Cloud success means more than just having faith
How justified is our faith in the cloud? While it has its advantages when everything goes well, according to Gartner, throughout 2023, 99% of cloud security failures will be the customer’s fault. In order to protect the organization, and themselves, cloud advocates need to take steps to ensure they are prepared for what could happen.
Among many – both in the IT department and among executives – “The Cloud” has become an article of faith. If we move everything to the cloud, our scalability issues will be solved. In the cloud, we’ll have access to the latest software and systems. In the cloud, we’ll be able to quickly turn around products and ensure full collaboration of all teams. In the cloud, many, if not all, of our IT problems will be solved.
How justified is that faith? Well, if everything goes well – if data isn’t lost or stolen or corrupted, if clients or employees are able to get to the resources they need when they need them – then the answer is “very.” But just as there are no atheists in foxholes, there are no true believers when services go down or ransomware invades a company’s data via its cloud server. If that happens, those who advocated for moving to the cloud in order to save money (on equipment, personnel, licenses, etc.) will quickly find themselves transformed from “heroes” to “goats.”
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It’s just the nature of things. There’s no question that companies can indeed save time, money, and resources by moving IT to the cloud; based on the numbers and the experience of many others, faith in the cloud is absolutely justified. The lesson is that IT leaders need to prepare themselves for the worst – for the possibility that their services could go down (even in a cloud environment) and even when you don’t have full control over the entire environment. To protect the organization, and themselves, cloud advocates need to take steps to ensure they are prepared for what could happen:
The first step is knowing who is responsible for what, and under what circumstances. According to Gartner (Feb 2019) “Through 2023, 99% of cloud security failures will be the customer’s fault.” In its Shared Responsibility Model, AWS specifies that its obligations extend to operating, managing, and controlling the “components from the host operating system and virtualization layer down to the physical security of the facilities in which the service operates.” Microsoft Azure and Google Cloud use a similar shared responsibility model, The responsibility to operate, manage and verify controls of the IT environment is shared between cloud provider and its customers.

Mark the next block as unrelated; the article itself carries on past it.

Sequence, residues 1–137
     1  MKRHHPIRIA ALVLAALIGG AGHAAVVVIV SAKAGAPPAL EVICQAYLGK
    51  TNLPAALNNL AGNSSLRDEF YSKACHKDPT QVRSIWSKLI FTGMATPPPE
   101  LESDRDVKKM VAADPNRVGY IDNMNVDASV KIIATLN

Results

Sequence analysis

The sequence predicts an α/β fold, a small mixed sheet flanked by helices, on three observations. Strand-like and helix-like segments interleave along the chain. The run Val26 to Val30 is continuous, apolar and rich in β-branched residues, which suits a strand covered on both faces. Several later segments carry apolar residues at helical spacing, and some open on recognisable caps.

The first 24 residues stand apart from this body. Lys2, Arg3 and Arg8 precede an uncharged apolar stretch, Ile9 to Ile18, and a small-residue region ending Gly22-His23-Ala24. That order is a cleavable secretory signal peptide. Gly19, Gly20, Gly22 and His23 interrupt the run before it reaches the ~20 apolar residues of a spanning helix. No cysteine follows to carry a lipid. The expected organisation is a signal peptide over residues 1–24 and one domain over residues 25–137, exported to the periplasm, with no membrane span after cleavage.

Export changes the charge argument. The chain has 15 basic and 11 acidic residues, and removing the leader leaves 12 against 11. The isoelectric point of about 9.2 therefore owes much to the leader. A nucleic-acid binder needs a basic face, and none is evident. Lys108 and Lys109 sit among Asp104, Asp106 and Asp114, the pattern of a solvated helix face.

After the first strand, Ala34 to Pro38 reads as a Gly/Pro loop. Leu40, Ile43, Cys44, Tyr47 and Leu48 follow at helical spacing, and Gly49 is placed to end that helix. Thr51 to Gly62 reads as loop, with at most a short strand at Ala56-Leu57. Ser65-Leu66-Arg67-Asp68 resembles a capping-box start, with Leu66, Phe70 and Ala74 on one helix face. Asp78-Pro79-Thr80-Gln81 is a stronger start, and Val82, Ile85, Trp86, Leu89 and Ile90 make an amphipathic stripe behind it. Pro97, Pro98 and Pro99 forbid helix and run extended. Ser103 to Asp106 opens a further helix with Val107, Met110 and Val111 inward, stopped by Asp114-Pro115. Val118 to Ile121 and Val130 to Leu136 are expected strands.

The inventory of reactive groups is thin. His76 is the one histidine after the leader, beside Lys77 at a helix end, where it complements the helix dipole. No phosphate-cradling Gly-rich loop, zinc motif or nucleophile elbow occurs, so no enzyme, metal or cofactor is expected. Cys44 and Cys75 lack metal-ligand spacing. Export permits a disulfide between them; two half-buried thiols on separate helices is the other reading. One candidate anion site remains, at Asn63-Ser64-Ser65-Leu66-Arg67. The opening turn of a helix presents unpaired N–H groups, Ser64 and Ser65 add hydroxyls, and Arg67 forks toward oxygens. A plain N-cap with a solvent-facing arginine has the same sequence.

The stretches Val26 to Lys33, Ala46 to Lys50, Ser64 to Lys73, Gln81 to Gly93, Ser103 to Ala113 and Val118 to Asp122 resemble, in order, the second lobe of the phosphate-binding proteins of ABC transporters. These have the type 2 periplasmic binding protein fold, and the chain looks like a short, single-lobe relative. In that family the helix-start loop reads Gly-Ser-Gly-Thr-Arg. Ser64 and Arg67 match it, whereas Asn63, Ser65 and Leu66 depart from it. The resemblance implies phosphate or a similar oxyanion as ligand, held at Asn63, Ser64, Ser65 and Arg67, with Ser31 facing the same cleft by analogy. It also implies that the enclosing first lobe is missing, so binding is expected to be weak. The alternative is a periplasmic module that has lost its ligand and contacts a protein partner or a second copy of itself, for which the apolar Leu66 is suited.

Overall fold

Though the division of responsibility is clear, the reality of maintaining a fully operational environment can be challenging as environments are often hybrid and employ diverse technologies. In addition to on-premises and legacy infrastructure, an enterprise may be leveraging multiple technologies (such as microservices and containers), layers, connections, and dependencies. The same reality implies that infrastructure resilience misconfigurations are an inevitable outcome.
Manual detection and resolution of these incidents is practically impossible because of the dynamic nature of a cloud environment. To resolve those incidents, you need an automated system that can proactively and consistently pinpoint and repair misconfigurations in your cloud environment before they lead to service disruptions and downtime.
Focusing on operational reliability
What are the contingency plans if something goes wrong? The cloud should become an integral part of your IT disaster recovery and contingency plans. Whether you are using the cloud as your primary or secondary site, backing up to the cloud or from the cloud – -all questions that IT teams need to know the answers to before they need those answers.
Cloud resources are great and can provide organizations with far more resiliency than their on-prem operations – if they know how to take advantage of those resources. That the cloud offers opportunities for automation, expansion, and collaboration is clear. Faith in the cloud is justified – but with that faith needs to come some practical, worldly action.